Everyone’s Getting Paid But the Kids

College football ad time is mostly sold out, even as the NFL gets back to work
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While the TV business sweated out a resolution to the NFL lockout, networks that air college football were confidently watching the advertising dollars mount on the scoreboard.

“College football in this past upfront marketplace was the hot commodity,” says Kevin Collins, senior VP at Initiative. “The SEC on CBS was very hot. They were done pretty quickly and early. ESPN did very well. And I believe for the first time in a few years, Notre Dame on NBC is virtually sold out as well this early.”

Nielsen says that regular-season spending on college football was $508 million in 2010, up 6% from $477 million in 2009. This year could be even bigger. Despite recent scandals at Ohio State, Miami, and Oregon, prices for ads in college football games were up in the “healthy double-digit range,” Collins says. He says the autos were back in the game this season, as well as financial services and quick-serve restaurants.

“It was a good market, no doubt,” says Ed Erhardt, president of customer marketing and sales at ESPN. With Bowl Championship Series sponsors like Allstate, Discovery and Tostitos signed to multi-year deals, “we’re pacing ahead of last year, and last year was a pretty good year,” Erhardt says, referring to both regular-season and bowl games.

At CBS, pricing and volume increases were in the double-digit range. “We literally have very little if any inventory remaining,” says John Bogusz, executive VP, sports sales & marketing. The NFL lockout didn’t seem to have much effect. “Some regular college football accounts just increased their spending,” Bogusz says.

Live sports has become more attractive to advertisers in a DVR world, and beyond growing ratings and high engagement with an educated audience, college football offers in-game branding opportunities.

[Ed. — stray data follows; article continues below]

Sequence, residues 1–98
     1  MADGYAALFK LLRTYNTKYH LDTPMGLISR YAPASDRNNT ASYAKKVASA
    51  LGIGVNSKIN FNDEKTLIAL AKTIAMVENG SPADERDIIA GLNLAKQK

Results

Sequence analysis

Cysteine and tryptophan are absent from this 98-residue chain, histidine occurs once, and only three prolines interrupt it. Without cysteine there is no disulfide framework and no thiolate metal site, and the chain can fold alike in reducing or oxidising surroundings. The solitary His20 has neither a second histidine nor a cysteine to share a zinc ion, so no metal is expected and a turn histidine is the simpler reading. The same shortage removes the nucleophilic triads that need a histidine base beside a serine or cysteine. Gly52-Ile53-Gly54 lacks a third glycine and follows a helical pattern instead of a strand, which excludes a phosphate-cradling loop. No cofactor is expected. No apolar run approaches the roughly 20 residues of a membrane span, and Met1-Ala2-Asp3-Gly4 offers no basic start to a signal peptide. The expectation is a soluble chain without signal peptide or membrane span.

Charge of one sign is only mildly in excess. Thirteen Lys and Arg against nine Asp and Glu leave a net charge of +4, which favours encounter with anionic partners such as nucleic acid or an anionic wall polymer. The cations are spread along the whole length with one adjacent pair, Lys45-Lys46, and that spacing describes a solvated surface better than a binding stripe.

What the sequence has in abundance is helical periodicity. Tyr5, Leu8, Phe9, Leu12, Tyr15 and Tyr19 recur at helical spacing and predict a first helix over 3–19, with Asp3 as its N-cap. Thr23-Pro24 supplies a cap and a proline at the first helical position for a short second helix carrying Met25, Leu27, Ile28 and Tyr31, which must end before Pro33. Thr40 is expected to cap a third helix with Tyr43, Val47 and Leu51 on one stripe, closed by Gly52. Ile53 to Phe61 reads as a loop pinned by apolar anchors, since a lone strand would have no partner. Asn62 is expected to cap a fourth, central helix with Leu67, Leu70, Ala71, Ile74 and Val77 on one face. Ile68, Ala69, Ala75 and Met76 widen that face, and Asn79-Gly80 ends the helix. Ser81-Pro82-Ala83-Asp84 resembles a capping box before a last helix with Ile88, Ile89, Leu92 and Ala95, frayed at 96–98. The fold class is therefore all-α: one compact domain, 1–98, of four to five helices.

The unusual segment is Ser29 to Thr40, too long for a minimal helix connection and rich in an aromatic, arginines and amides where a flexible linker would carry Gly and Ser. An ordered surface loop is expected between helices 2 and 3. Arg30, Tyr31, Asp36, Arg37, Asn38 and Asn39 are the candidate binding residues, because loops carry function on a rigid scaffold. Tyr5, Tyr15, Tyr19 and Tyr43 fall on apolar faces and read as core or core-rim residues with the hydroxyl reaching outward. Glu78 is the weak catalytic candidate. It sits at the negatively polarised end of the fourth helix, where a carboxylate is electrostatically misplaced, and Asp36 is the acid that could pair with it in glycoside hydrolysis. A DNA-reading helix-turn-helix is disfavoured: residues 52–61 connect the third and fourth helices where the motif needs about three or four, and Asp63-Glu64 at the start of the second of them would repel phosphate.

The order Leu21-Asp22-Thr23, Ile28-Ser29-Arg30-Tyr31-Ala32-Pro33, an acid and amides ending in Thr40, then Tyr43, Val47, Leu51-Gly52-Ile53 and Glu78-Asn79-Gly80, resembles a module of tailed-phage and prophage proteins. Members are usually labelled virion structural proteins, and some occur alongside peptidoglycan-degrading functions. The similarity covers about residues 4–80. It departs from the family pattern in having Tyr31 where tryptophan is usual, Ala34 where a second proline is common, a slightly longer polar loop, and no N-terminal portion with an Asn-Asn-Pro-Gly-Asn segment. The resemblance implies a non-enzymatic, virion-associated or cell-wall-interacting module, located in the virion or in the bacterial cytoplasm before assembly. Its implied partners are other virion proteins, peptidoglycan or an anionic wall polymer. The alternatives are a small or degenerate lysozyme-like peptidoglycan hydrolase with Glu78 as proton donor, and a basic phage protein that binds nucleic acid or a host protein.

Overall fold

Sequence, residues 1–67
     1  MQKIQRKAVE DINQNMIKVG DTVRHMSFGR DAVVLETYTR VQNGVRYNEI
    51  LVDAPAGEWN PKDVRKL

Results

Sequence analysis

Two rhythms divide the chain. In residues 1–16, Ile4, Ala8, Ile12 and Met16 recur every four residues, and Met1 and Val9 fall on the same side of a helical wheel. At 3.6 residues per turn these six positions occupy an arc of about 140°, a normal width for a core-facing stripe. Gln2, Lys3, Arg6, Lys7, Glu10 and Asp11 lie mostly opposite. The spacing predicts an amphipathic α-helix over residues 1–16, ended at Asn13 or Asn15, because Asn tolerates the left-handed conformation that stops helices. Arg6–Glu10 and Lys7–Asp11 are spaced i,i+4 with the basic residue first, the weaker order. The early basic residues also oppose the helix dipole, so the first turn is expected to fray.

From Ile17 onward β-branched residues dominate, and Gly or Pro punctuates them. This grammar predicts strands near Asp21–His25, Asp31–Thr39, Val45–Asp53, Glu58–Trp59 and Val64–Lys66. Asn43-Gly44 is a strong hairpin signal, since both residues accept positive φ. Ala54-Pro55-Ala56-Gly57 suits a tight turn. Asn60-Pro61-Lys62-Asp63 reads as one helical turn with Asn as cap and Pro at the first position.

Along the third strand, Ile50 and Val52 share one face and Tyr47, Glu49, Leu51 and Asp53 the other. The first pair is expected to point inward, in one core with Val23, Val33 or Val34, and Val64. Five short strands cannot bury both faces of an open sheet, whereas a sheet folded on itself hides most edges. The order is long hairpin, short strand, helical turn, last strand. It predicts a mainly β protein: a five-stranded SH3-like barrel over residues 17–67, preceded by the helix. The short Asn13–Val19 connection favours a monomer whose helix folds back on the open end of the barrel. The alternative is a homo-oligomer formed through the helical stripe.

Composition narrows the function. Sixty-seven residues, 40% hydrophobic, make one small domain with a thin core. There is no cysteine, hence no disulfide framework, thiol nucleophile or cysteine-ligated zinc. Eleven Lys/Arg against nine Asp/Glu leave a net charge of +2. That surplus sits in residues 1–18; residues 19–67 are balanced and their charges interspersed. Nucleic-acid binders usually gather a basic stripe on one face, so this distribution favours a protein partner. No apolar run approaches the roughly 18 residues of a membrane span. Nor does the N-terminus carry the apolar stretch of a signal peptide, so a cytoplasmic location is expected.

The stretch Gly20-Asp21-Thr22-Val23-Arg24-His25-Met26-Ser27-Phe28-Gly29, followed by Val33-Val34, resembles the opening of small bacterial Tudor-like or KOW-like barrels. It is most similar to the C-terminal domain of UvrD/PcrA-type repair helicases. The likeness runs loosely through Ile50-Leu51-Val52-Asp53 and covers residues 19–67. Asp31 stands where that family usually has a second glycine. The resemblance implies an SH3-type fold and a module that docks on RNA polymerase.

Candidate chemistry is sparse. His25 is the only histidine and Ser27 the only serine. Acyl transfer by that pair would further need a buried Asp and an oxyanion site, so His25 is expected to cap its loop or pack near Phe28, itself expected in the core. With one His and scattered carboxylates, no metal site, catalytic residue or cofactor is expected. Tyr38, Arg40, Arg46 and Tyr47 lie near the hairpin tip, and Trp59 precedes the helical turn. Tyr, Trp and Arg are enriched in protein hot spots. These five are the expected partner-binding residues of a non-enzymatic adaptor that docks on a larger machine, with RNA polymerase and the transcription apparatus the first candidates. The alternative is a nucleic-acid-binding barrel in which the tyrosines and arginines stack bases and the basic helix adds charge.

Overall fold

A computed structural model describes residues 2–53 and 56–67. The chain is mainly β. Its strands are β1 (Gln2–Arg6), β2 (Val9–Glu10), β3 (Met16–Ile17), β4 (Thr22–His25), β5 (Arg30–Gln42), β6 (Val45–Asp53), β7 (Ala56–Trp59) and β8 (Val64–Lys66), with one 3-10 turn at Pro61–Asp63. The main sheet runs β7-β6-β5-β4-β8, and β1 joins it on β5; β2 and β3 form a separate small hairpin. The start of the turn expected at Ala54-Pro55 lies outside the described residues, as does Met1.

“You can’t present the NFC Championship, or the Super Bowl,” says Collins, who negotiated a deal making Vizio the presenting sponsor of the Rose Bowl starting last year. “When you think of the NFL, there are so many brands involved. When you think of college football, you think of certain brands like Home Depot or Vizio. You can really own a piece of real estate within the college football marketplace.”

While loyal advertisers held on to most sponsorship packages, there were new openings at Fox Sports, which will air games on FX this fall. “There wasn’t a lot of inventory for new sponsors who were interested in college football, so we were fortunate to be there with a new package in a relatively tight market,” says Todd Siegel, executive VP, Fox Cable Sports ad sales.

The 14 FX games are just about sold out in the third quarter and nearly 90% sold out in the fourth quarter, with some units held back until ratings start coming in. Fox Sports expects the games to draw higher ratings on FX than the 0.72 rating national games on FSN got last year. Fox is also charging more than it would have for other FX programming. “We think there’s a little CPM premium to live sports,” Siegel says.

Key FX college football sponsors include Russell Athletics, which will be presenting sponsor; Geico, which sponsors halftime; plus Dr Pepper and Buick, which, like Geico, are also FSN clients.

Dr Pepper will be a sponsor of the new Big Ten and Pac-12 championship games on Fox Broadcasting, which will add a regular-season package next year.

Also attracting new sponsors is the Big Ten Network, getting set for its fifth football season. New advertisers include Hyundai, BMW, Dr Pepper, Culligan Water and Buick, which is sponsoring the network’s Live Big initiative.

The addition of powerhouse Nebraska is generating interest in the network, says Roy Seinfeld, VP of advertising for the Big Ten Network. “Everyone wants to be involved in the inaugural season, and everyone thinks there will be an uptick in ratings,” he says.

The acquisition of NBC Universal by Comcast means that in addition to Notre Dame games on broadcast, NBC Sports Group is selling college football tilts on Versus. “That was very good for us. It gives us greater scale in terms of the amount of games we were able to bring to the market,” says Seth Winter, senior VP, NBC Sports Group Sales & Marketing. With the Irish on the upswing under new coach Brian Kelly after a few years of ratings that underperformed, Winters says prices on NBC were up in the low double-digits. College football prices on cable were up in the high-single-digit range.

“College football is just a great, great property. Hopefully someday we’ll get more of it,” Winter says.

E-mail comments to jlafayette@nbmedia.com and follow him on Twitter: @jlafayette

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